It is hard to spend time in the Solomon Islands and not notice just how poor national political governance is. Vested interests wield considerable power, parliament rarely sits, legislation is infrequently passed, political coalitions are unstable, and Ministerial posts are typically awarded based on expediency rather than relevant skills. These political problems contribute to all sorts of development problems, including environmental degradation and poor government service delivery. Given this, a central development question in Solomon islands has to be: ‘why is political governance so poor?’ And, because Solomons is a democracy, another important question is, ‘why do Solomon Islanders vote for politicians who govern their country so poorly?’
One possible answer is culture. Maybe there is something about Solomons culture that isn’t conducive to democratically running a nation state. This sounds plausible. A lot of international evidence suggests that culture contributes to development outcomes (see examples here and here) and scholars such as Robert Putnam have argued that political culture determines political development. What’s more, several authors writing about Western Melanesia have linked culture to problems of governance (most notably Francis Fukuyama [PDF] but also see this [PDF] well argued paper by Michael Morgan.)
Yet, in a series of two posts (here and here) on this blog and in a recent SSGM Discussion Paper [PDF], World Bank Economist Tobias Haque argues persuasively that the problems of Solomons politics can be better explained by a model that posits rational actors following incentives generated by the political and economic structures that they are acting within. To Tobias, culture is largely a red herring.
So who’s right?
Over three posts I will examine culture and rational actor explanations in light of evidence that I’ve gathered while conducting PhD research on electoral politics in Solomon Islands. I will argue that, while simple cultural explanations fail to explain electoral politics in Solomon Islands, there is still more going on than can be captured by models of rational actors acting independently of society.
Elections in Solomons are held under a first past the post electoral system. Candidates are numerous (on average 7.35 per constituency per election), winner vote shares are low (the median winner in the 2010 election won with 35% of the vote in their constituency), incumbent turnover is high (about 50% of MPs loose their seats each election), and political parties are weak – in practice voters almost never vote along party lines.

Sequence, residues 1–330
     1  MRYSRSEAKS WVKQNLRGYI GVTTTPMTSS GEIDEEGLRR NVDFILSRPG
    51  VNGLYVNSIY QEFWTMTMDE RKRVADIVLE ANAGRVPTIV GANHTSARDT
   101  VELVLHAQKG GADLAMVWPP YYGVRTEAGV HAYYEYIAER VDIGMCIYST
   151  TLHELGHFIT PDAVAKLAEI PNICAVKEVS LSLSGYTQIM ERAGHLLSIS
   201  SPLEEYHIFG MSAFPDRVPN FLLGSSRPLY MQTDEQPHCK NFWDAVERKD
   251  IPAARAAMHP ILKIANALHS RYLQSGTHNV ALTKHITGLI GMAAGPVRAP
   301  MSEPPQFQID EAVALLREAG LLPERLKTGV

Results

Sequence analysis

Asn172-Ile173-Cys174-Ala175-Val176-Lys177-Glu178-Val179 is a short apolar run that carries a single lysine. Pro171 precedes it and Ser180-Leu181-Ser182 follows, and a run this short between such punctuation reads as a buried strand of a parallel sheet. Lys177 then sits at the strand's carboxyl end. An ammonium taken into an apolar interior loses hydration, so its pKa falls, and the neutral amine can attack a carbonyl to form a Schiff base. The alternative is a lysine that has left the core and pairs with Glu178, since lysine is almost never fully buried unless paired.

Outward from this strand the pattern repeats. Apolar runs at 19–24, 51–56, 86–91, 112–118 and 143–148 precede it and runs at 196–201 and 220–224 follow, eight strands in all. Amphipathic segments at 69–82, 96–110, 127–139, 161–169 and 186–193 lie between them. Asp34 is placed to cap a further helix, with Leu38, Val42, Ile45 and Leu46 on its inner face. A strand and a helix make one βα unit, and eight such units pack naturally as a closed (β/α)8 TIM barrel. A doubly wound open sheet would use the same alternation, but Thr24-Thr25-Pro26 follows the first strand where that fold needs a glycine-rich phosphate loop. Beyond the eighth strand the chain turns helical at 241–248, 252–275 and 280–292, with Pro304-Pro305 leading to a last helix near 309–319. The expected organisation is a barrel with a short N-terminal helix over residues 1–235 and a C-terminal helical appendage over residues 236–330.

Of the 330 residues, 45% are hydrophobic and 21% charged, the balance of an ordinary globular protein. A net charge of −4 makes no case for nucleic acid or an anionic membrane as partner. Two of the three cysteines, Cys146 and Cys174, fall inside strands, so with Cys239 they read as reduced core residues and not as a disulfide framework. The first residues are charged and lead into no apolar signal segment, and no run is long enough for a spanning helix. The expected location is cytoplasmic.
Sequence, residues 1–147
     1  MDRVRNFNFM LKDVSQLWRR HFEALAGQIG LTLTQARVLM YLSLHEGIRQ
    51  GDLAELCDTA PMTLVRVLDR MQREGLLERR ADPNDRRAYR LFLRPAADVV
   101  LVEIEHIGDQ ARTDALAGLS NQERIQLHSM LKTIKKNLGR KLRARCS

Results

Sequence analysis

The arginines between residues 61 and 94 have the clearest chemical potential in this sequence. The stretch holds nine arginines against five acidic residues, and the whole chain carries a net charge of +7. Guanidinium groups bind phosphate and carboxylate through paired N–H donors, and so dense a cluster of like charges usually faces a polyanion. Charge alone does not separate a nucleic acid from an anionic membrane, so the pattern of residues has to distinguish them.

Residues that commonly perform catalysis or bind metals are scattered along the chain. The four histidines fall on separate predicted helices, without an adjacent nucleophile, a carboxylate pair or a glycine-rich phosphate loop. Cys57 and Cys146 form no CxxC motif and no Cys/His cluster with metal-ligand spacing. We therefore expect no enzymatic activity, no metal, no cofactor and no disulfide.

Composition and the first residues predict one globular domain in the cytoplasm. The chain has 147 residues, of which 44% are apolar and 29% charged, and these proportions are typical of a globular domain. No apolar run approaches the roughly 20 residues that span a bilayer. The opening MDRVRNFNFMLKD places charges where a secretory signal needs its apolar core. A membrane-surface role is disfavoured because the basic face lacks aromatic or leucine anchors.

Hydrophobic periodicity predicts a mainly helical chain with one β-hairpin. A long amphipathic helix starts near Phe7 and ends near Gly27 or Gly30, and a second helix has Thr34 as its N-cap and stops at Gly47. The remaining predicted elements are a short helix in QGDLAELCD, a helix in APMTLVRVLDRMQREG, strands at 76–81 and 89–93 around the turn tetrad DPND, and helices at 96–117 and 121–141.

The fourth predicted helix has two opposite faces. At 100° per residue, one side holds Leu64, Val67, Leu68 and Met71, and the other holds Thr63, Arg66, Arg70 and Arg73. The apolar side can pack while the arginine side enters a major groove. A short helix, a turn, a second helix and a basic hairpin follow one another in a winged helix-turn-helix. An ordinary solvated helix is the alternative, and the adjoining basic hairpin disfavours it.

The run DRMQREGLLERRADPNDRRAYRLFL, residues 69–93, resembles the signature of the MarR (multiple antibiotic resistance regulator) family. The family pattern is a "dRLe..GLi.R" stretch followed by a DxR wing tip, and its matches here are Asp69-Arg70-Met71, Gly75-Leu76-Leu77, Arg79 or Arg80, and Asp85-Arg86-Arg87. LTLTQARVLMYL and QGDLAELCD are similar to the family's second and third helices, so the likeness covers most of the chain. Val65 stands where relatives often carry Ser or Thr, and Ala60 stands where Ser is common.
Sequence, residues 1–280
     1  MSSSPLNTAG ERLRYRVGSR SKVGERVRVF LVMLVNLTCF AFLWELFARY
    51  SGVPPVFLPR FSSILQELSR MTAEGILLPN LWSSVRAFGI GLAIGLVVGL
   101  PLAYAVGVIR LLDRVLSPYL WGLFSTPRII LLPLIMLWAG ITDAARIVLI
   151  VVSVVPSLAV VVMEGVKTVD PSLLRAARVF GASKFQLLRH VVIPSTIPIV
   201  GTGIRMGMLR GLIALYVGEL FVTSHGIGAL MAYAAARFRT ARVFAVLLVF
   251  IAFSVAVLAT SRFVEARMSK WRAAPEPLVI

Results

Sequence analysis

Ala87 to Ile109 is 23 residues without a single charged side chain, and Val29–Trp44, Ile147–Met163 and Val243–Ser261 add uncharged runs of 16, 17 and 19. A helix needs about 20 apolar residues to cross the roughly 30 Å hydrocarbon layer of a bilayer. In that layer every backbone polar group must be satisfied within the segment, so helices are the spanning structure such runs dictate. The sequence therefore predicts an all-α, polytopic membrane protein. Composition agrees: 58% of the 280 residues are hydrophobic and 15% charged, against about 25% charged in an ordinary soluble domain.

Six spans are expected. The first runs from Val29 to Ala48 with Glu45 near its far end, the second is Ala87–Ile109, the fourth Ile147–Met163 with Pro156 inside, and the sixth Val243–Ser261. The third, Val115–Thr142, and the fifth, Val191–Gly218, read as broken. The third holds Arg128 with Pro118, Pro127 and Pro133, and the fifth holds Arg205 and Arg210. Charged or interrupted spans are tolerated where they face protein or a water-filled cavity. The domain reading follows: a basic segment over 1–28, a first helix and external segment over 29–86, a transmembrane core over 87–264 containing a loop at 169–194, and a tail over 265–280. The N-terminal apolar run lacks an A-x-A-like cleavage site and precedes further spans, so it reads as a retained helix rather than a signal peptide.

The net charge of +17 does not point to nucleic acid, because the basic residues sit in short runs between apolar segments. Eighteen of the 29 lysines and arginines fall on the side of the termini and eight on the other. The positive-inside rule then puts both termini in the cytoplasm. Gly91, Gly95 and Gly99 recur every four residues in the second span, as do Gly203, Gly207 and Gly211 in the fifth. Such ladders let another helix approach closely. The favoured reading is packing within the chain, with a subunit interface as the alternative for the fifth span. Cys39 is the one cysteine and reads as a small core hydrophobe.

Any model that tries to explain politics in Solomons ought to be consistent with these and other key electoral features, as well as providing a good explanation for the poor governance felt in the country. A particularly important feature of election results that the model should explain is why there are so many candidates in Solomon Islands elections. This is important because Duverger’s Law provides good reason to expect that, normally, under first past the post elections, electoral races will tend towards to two party or two candidate competitions as voters strategically abandon favourite candidates in favour of ‘least worst’ candidates whose odds of winning are higher.
Given that Solomon’s society is cleaved by numerous social divides (particularly divides associated with social structures such as clans) it is easy to envisage a simple cultural model of Solomons electoral politics. One in which people vote for the candidate who they identify most strongly with, one of their ‘Wantoks’ (literally Wantok refers to a fellow speaker of one’s native language; however, in Solomons vernacular it is often applied with reference to relational groupings such as extended families or clans). Voters would vote this way perhaps out of some sort of identity based bond, or perhaps because culture left them feeling that helping one’s Wantok was more important than any other electoral outcome. Either way, they would vote within their group. And this loyalty would be reciprocated: the politicians they elected would focus on supporting their Wantoks rather than governing the country. From this would flow many of the problems of governance that the country experiences.